Socially speaking, quality of life improved as humans ate healthier, and there was better housing and cheaper goods. The third revolution also highlighted the threat of climate change, and renewable forms of energy became more popular as there was a push to reduce the global carbon footprint. There was also a significant increase in unemployment rates, and the global gap between the rich and poor widened.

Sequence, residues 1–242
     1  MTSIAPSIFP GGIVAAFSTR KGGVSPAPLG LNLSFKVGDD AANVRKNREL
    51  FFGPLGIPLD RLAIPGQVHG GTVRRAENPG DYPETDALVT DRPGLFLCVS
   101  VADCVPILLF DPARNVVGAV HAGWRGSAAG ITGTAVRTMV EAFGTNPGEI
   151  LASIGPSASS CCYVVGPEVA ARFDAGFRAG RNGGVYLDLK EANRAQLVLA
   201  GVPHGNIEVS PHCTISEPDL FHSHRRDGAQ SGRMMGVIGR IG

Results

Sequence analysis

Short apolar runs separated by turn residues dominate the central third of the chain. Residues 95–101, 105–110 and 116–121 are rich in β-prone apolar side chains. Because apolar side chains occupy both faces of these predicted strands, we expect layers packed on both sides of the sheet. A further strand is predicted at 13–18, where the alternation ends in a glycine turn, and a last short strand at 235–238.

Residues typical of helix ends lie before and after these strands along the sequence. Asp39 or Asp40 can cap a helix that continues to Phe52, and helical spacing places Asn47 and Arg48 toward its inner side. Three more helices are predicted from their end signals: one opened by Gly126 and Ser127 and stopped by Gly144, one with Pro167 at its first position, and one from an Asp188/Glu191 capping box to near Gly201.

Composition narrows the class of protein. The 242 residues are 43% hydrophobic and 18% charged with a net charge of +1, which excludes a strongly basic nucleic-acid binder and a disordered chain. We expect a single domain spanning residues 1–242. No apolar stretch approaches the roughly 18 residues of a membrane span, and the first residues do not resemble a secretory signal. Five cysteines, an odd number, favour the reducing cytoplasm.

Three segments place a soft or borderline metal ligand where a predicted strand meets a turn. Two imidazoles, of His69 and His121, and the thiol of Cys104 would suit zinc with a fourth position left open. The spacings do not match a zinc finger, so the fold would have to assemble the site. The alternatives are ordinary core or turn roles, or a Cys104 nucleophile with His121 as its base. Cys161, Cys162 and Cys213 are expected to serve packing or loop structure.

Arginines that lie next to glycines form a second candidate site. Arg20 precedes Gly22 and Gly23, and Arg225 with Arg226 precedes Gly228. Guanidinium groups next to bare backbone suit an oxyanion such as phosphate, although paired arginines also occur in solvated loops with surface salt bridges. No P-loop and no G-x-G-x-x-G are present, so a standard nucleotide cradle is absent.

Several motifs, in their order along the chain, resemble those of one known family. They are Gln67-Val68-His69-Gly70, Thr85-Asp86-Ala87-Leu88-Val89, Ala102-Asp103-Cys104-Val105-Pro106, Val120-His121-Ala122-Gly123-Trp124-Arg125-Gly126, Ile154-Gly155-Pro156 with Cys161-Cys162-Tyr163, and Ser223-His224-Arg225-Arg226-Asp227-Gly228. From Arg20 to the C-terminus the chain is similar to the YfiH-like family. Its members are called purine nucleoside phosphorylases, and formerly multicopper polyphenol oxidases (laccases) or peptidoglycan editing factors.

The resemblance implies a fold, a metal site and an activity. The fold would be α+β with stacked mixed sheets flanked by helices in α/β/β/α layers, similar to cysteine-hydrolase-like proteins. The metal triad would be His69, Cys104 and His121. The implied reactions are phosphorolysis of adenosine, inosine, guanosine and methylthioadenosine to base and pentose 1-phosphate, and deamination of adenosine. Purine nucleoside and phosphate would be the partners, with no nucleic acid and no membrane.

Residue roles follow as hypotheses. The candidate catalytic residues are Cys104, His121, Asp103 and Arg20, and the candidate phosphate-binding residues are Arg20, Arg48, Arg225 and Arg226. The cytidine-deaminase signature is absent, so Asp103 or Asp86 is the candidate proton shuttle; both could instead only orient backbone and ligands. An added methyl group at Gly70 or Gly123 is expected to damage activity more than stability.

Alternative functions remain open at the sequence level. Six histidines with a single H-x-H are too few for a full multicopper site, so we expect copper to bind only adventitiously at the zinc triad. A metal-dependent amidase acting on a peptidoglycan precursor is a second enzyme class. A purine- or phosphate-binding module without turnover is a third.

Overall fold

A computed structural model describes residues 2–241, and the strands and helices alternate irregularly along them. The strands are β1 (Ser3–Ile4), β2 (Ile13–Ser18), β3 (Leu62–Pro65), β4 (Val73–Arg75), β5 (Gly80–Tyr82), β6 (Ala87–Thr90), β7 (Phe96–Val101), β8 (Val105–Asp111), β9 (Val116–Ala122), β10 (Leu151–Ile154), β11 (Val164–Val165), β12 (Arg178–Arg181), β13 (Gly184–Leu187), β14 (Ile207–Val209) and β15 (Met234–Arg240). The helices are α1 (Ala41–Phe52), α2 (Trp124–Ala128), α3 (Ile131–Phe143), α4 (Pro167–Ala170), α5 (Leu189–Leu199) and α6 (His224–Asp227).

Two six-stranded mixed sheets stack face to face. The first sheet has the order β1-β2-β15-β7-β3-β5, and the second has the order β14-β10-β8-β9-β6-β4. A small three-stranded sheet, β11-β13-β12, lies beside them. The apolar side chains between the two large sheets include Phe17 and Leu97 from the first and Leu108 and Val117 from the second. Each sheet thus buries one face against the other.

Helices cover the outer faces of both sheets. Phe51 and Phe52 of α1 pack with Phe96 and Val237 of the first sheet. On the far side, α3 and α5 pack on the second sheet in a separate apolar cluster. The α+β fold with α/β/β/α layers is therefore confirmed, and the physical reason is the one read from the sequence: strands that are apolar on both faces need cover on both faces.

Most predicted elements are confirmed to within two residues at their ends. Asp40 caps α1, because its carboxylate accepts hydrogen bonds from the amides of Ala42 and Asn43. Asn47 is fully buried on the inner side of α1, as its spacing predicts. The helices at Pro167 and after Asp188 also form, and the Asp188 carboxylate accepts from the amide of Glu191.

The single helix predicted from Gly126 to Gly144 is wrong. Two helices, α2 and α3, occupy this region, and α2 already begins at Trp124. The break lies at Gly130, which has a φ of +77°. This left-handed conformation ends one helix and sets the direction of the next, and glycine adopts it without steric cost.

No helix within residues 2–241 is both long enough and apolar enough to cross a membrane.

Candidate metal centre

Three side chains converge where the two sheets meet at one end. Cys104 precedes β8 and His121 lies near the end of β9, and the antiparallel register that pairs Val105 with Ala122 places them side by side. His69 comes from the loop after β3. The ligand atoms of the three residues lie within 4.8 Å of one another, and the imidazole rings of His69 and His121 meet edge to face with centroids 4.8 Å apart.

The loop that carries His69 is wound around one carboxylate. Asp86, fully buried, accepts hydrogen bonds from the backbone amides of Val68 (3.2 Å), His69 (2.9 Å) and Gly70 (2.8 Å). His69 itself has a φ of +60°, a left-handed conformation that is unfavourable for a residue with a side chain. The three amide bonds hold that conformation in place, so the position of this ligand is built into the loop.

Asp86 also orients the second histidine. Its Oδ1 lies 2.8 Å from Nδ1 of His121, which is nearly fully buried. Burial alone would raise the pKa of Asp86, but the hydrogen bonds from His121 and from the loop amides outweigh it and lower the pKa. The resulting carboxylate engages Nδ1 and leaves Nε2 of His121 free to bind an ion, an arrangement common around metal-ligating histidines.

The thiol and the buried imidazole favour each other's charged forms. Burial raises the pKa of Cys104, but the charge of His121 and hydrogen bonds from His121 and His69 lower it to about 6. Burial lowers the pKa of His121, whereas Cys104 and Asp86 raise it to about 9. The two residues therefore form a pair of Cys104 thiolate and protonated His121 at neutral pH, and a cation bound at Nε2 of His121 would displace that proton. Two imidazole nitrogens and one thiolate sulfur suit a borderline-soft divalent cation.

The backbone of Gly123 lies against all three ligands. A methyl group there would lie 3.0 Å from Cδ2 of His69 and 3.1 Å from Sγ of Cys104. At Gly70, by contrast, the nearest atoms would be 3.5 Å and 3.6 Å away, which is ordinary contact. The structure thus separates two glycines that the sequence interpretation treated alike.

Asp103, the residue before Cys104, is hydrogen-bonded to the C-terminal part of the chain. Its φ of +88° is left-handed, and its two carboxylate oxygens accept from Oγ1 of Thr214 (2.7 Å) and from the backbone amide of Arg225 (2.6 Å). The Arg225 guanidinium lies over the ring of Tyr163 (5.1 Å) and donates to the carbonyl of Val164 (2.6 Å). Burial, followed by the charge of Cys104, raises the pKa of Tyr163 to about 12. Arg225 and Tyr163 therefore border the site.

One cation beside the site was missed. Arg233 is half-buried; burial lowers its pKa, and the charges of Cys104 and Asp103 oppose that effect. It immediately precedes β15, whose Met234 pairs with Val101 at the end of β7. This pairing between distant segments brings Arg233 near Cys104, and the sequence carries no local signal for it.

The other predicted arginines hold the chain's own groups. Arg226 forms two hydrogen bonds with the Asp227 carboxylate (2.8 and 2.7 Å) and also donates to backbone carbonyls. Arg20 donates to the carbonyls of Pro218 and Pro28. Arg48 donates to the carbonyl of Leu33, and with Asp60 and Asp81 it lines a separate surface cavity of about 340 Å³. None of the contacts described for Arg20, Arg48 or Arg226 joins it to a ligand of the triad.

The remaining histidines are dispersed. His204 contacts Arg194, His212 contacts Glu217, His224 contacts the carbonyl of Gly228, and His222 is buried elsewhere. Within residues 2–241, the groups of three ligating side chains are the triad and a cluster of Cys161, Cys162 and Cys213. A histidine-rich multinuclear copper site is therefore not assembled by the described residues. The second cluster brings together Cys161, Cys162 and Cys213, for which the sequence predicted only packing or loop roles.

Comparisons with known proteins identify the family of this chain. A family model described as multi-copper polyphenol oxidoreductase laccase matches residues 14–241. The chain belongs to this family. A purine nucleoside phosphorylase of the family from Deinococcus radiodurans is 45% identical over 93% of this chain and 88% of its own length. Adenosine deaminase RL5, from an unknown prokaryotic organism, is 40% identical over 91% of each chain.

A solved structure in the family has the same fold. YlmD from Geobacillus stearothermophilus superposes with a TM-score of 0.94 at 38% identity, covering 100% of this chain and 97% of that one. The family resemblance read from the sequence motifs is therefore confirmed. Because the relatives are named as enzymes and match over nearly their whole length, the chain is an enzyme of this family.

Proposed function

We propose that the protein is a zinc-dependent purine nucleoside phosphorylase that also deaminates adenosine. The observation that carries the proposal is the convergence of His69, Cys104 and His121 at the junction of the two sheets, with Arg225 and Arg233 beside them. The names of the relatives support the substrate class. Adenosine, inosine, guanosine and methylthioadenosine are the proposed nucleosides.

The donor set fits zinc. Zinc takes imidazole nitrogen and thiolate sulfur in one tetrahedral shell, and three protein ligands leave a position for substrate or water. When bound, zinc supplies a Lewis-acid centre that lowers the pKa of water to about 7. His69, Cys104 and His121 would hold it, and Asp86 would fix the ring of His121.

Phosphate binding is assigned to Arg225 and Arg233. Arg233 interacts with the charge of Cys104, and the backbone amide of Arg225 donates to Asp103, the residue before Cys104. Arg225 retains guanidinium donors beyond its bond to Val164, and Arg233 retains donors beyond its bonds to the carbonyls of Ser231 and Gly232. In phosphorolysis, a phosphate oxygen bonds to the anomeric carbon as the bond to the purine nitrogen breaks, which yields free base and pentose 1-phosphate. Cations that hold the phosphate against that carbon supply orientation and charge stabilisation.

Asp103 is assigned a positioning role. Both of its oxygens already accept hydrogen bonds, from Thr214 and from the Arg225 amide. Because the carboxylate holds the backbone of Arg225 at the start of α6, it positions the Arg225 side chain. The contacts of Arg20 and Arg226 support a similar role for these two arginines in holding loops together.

The Internet: The development of the Internet into what it is today took time. In 1965 Lawrence Roberts made two separate computers talk to each other. After this, the first packet-switching network was created, with Leonard Kleinrock sending a message from UCLA to Stanford. This led to ARPANET (the Advanced Research Projects Agency Network), which snowballed and expanded to military, academic and research institutions from North America to Europe. Next came the development of email, which created an explosion of internet activity into the mainstream. By 1989, Tim Berners-Lee developed the World Wide Web making the Internet easy for anyone with a connection to use. With the introduction of TCP/IP (Transmission Control Protocol/Internet Protocol), computers could speak the same language and locate designations through IP addresses. Since then, the Internet has redefined how humans create, transfer, and store knowledge. It has also changed our communication and business methods in the global marketplace (Source: Science and Media Museum).